Coping with Grief


Grief is like an amusement park ride gone haywire. A good thing gone bad. The same love you have invested in this child is the love that will bring you pain. Even if you were only six weeks pregnant or your baby was just three days old you have something to grieve. The depth and length of your sorrow will probably be longer than you (and others) expect.

Fathers are likely to be left out altogether. People will ask, "How is your wife? "Is she holding up?" Understanding grief and having some idea of what to expect will help you recover from your loss. Unfortunately, there is no magic lever to pull and stop the ride. You have to face the "loop-the-loops" to reach solid ground again.

The stages of grief are as follows:

DENIAL - The feeling of shock and confusion, refusal to believe you've lost the baby. You may still feel pregnant.

ANGER - You may have intense anger at yourself, your mate, the doctor, or the whole world. "Why has my baby died?" Why does that family have four children and I can't even have a baby?" Issues of faith are very common.

BARGAINING - This is the stage where you try to convince God to play LET'S MAKE A DEAL. Offering your life in exchange for your child's. Or promising to be a better person to stop labor pains.

DEPRESSION - When reality sinks in, depression sets in. The symptoms you could experience have a wide variety: aching arms, phantom kicks or cries, and nightmares. Sleeplessness, loss of appetite, lack of sex drive, fantasies about the baby and suicidal thoughts can occur.

ACCEPTANCE - Yes, eventually you will "accept" this loss, but you won't forget or forsake. This is the hardest part of recovery. It takes time and patience. The other hills and dips of this coaster can overlap or return to throw you for a loop. Grieving is not a straight line or an easy ride. Allow yourself and your partner TIME to grieve your baby.

Some Helpful Suggestions:

  • Realize that your loss is real, no matter if you were six weeks pregnant or your baby was six weeks old.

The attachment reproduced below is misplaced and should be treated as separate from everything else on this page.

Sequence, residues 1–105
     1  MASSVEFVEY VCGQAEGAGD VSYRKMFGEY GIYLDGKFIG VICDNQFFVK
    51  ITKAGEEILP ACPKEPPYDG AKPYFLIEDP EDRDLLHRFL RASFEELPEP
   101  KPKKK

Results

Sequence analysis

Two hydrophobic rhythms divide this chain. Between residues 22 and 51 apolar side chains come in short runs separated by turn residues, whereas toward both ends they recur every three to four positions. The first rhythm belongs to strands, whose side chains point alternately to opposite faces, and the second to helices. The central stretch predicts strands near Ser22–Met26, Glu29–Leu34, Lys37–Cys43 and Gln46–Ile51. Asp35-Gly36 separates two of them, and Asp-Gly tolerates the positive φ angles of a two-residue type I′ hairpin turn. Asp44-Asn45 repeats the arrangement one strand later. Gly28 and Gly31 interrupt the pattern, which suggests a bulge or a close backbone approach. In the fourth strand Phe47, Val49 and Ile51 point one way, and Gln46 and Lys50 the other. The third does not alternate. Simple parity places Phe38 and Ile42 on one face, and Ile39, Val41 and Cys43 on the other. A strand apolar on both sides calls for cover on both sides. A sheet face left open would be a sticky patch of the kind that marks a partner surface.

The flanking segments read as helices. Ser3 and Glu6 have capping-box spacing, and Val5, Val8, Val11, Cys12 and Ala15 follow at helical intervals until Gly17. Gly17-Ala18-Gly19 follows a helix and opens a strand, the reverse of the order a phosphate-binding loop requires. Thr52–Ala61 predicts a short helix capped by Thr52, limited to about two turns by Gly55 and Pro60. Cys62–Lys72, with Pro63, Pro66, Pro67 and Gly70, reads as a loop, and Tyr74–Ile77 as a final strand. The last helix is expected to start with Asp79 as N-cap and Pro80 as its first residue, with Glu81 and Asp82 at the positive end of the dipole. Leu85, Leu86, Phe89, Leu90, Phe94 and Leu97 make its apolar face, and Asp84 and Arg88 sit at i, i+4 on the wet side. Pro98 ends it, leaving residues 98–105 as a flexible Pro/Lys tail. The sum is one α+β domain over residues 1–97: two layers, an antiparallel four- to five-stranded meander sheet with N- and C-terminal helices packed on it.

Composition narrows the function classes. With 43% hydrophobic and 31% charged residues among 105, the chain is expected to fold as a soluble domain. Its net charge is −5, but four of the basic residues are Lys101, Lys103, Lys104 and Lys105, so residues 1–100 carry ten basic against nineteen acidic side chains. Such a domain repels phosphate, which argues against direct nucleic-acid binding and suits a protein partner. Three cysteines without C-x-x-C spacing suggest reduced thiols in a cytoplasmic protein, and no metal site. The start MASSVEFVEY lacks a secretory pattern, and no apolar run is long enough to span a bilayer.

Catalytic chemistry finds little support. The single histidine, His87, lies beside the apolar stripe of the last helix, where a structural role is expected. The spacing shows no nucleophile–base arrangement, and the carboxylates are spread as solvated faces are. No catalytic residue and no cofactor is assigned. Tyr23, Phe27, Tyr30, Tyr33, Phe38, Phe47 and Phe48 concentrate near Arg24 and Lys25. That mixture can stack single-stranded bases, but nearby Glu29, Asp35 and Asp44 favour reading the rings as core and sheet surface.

• Allow yourself to grieve. Don't let others, or even yourself, minimize your grief. You had hopes and dreams for this child from the moment that you discovered you were pregnant.

  • Know that everyone grieves differently. It's important that you and your partner take enough time to feel all the emotions. Don't let anyone tell you it's "time to move on" or to "get over it". Any kind of judgment concerning the appropriateness of someone's grief is inappropriate.

  • It's not always easy or possible, but it helps to have someone to talk to about your child. A friend or relative can be a key in the grieving process by listening to you to talk about your baby. If you need to, ask your doctor about a support group for people in your situation.

  • Keep a journal, recording the events around your loss as well as emotions as you grieve. Over time you will be able to look back and see improvement in handling your loss.

  • Intense grieving periods vary for each person, but are commonly about 18 to 24 months. And your grief may go in circles; birthdays, memorial days, and holidays can bring strong emotions.

  • Seek information about your loss. Reading books is a good place to start. Or material about genetic testing or certain conditions that may happen again.

  • Grief can literally wear you down and lead to physical problems...get a check-up, eat, drink lots of water and exercise to reduce stress. Even if you don't feel like it.

  • Find a unique and personal way to memorialize your baby. Name your; plant a tree or garden; keep a memory album or box; make donations in memory or your baby; etc. What you do can reflect your love and situation in whatever way you choose.